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My journey building a career in STEM

Priyanka Tiwari

Field Engineer

June 13, 2022

The world of Science, Technology, Engineering and Mathematics (STEM) is one of the most wonderful places to be for people who want to create magic. And like so many industries, there’s a real need to open the doors for more women.

For our very own Field Engineer Priyanka Tiwari, this probably doesn’t come as a surprise. We caught up with Priyanka in our Birmingham office to learn about her career in STEM, the hurdles she had to overcome and why in a dream world, she’d love for her daughter to join her at Virgin Media, too.

Priyanka! First things first, how did you know you wanted to work in STEM?

My dad actually said that when I was a kid, I never played with anything like dolls or toys. All I was interested in were tools, tools, and more tools. As I grew older he could see how much I loved technology and encouraged me to get into engineering. So I did an undergrad in India and got a first-class master’s degree in Electronics and Telecommunications Engineering from Staffordshire University.

Getting a master’s was really important to me because after I did my undergrad it was hard to find a job. I did temporary jobs such as a data analyst and even worked in hospitality but I wasn’t having much luck and I decided to study further. I’m a strong believer that knowledge gained is never wasted.

What did your world look like once you found a more permanent role in the industry?

I had a baby after I finished my master’s and the family was my top priority. Once I was ready to jump back in, I found a job at Sky as a Systems Engineer. The only drawback was that it was in London. Being from Birmingham meant I had to commute a lot and with little ones back at home, I found it tough. This pushed me to find a job more locally.

I applied for two types of engineering roles at Virgin Media. One was a Design Planner and the other was Field Engineer. As I had more experience in the Field Engineer area, that’s the job I was successful in. As a mum, it’s worked out for me because I get to be with my family and help other people.

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At what point in your journey did you realise the STEM industry needed more women?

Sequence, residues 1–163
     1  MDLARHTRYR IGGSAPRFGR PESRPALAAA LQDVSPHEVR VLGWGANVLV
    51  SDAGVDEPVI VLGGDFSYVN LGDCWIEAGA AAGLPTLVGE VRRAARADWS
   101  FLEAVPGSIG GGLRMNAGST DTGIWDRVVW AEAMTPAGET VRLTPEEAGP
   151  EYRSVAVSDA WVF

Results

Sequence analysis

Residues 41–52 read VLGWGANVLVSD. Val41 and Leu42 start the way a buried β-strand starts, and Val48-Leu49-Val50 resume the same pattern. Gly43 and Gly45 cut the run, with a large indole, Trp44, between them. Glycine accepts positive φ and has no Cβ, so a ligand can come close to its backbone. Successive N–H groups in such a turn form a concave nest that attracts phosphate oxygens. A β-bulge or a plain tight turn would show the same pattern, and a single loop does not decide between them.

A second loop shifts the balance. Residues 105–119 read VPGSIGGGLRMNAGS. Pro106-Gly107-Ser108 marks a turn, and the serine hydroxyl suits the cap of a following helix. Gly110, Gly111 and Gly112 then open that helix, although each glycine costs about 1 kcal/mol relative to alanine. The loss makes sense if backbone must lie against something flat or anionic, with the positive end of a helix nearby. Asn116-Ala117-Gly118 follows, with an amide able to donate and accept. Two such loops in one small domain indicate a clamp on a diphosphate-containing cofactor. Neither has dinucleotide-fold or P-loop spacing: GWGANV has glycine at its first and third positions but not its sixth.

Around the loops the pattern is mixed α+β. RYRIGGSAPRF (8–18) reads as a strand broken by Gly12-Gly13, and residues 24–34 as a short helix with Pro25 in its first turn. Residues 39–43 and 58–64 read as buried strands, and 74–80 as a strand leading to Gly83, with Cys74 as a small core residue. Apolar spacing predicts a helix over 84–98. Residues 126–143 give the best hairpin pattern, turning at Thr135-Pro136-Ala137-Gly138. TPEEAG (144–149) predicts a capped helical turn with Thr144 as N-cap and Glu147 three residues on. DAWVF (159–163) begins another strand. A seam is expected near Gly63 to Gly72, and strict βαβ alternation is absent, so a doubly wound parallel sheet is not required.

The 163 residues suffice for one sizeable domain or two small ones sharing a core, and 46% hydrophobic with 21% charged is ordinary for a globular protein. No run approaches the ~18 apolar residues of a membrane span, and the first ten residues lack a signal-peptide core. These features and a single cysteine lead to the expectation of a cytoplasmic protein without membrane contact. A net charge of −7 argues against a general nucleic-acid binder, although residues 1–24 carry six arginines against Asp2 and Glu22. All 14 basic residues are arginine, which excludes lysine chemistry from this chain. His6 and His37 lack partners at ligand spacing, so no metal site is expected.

I remember my first day doing my master’s so clearly. I’d got all dressed up because I wanted to look like a professional taking my master’s degree and I was so excited. When I got into the class the first thing the professor asked me was “are you in the right place”. I thought it was because I was smartly dressed. Then, he asked me what my name was and he replied “Oh I’m so sorry, I thought Priyanka was a guy”. That’s when I knew we needed more women in the industry.

A lot of my time studying wasn’t easy because I was a woman. I knew my professors didn’t expect me to go far. It’s really sad but it did give me more motivation to prove them wrong. Even with a degree throughout my career in this industry, I’ve realised there’s a lot you can learn on the job, with training and the desire to practice every day. I think if we shared this more, it would encourage more diversity. Anyone can do this if it’s what they want to do and they put in the work.

You’ve definitely proved those professors wrong. What positive changes do you feel can be made in this industry?

For me, a lot of change comes from your managers, mentors, professors etc. The people who help you progress. This is something I’m so happy I’ve seen at Virgin Media, my manager and my team are a supportive group of people. Our manager has check-ins with the women to make sure we have an open and safe space to talk about any issues that may be bothering us and finds ways to support us.

A big difference from other companies I’ve worked at is that feeling of belonging. I instantly felt like I was supposed to be here, and that people wanted me here too.

Lastly, where do you see your future at Virgin Media?

I love my current role and I’m still determined to progress into a network or planning role, which is also exciting. I’m doing some networking courses at the moment two days a week. There’s so much opportunity here and as a woman, I think it would be wonderful if my daughter also found a career here in a STEM role, being the doctor for people’s internet like I’ve been made to feel. Whether she actually follows in her mum’s footsteps is completely up to her.

What I will also say is there’s a lovely feeling of Virgin Media feeling like a home away from home. That feeling of inclusivity, belonging and team play really matters. For any parent, that’s not only what you want for yourself but for your children, too.

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